Most Singaporeans are in favour of the death penalty but with exceptions, according to a new survey.
Also, fewer support the death penalty for drug trafficking and firearms in cases where no one dies or is injured.
There is less support for the mandatory death penalty as well.
These findings, released yesterday, follow a United Nations General Assembly debate in September on the death penalty and Singapore giving its judges the discretion, in specified situations, to lift the death penalty for drug couriers.
There is a growing worldwide trend to abolish the death penalty, noted National University of Singapore (NUS) associate law professor Chan Wing Cheong, one of four researchers who headed the study.
"It is important for Singapore to continue to review the death penalty because it is irreversible," he said.
NUS sociologist Tan Ern Ser, Singapore Management University law don Jack Lee and human rights group Maruah president Braema Mathi also led the study, which polled about 1,500 Singapore citizens aged 18 to 74 between April and May this year.
Singapore's approach to capital punishment was restated when the UN General Assembly debated the issue this year and urged countries to abolish it.
However, four years ago, Singapore had lifted the mandatory death sentence for drug couriers who play a minor role, such as transporting and delivering, and who help the police nab the ringleaders, for instance.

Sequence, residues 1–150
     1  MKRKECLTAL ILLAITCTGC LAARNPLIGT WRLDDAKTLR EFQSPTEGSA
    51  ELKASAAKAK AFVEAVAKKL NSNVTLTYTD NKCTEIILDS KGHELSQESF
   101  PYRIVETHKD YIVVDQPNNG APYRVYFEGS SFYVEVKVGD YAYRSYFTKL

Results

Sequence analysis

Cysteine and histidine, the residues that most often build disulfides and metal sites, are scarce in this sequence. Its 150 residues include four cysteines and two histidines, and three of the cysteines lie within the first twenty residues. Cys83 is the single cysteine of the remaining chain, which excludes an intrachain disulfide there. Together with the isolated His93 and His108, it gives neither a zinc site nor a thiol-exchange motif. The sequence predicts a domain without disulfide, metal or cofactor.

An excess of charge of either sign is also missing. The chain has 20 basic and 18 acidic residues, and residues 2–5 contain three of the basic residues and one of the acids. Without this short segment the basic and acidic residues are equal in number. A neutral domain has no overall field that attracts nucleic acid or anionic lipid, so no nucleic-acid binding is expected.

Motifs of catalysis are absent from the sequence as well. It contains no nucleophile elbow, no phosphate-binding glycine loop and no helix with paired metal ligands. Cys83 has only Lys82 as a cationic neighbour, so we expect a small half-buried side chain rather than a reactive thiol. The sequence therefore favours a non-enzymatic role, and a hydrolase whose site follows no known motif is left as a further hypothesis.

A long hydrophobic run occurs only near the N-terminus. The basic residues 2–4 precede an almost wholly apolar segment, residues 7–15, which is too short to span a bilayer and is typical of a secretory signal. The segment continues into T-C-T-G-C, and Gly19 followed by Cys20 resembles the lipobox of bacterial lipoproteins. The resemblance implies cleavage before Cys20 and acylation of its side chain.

Those who commit murder but did not intend to kill can also escape the gallows.
But the mandatory punishment remains for intentional murder, drug trafficking and firearms-related offences. In such cases, the courts do not have the discretion to decide on a lighter sentence.
The support for the death penalty is as follows: 92 per cent for intentional murder, 88 per cent for discharging a firearm and 86 per cent for drug trafficking.
But when asked whether these same crimes should carry a mandatory death penalty, 47 per cent said "yes" for intentional murder, 36 per cent for firearms offences and 32 per cent for drug trafficking.
People are also more reluctant for the death penalty to be imposed when they know the details of a crime.
The respondents were given 12 scenarios based on real-life cases that ranged from intentional murder to drug trafficking and firearms offences. Each case had either mitigating factors, such as the offender having no prior record, or aggravating factors, like the victim dying.
The respondents chose the death penalty in only one-third of the cases, although all 12 got the mandatory death penalty under the law.
Supporters said they believe it deters would-be offenders from committing serious crimes.
Most who backed the discretionary death penalty gave the reason that circumstances differ, and not every offender deserves to die.
Older Singaporeans and those who are more highly educated are also more likely to support the death penalty in general.
Prof Tan said this may be because the middle-class in Singapore values security highly and believes strongly in meritocracy - that people should be rewarded for hard work, but also punished for wrongdoings.
The support also varies across religions, with Taoists and Buddhists twice as likely to support the death penalty as Protestant Christians. Protestant Christians themselves are twice as likely as Catholics to support the death penalty.
But Prof Chan said people are unlikely to strongly oppose any gradual move towards judges getting more discretion on when to impose the death penalty.
He pointed out that the study shows most people not having strong views for or against the death penalty.
"A very small percentage insists on the present scheme," he said.
Prof Lee added: "Whether or not we move towards abolishing the death penalty, perhaps we should consider whether judges should be given more discretion."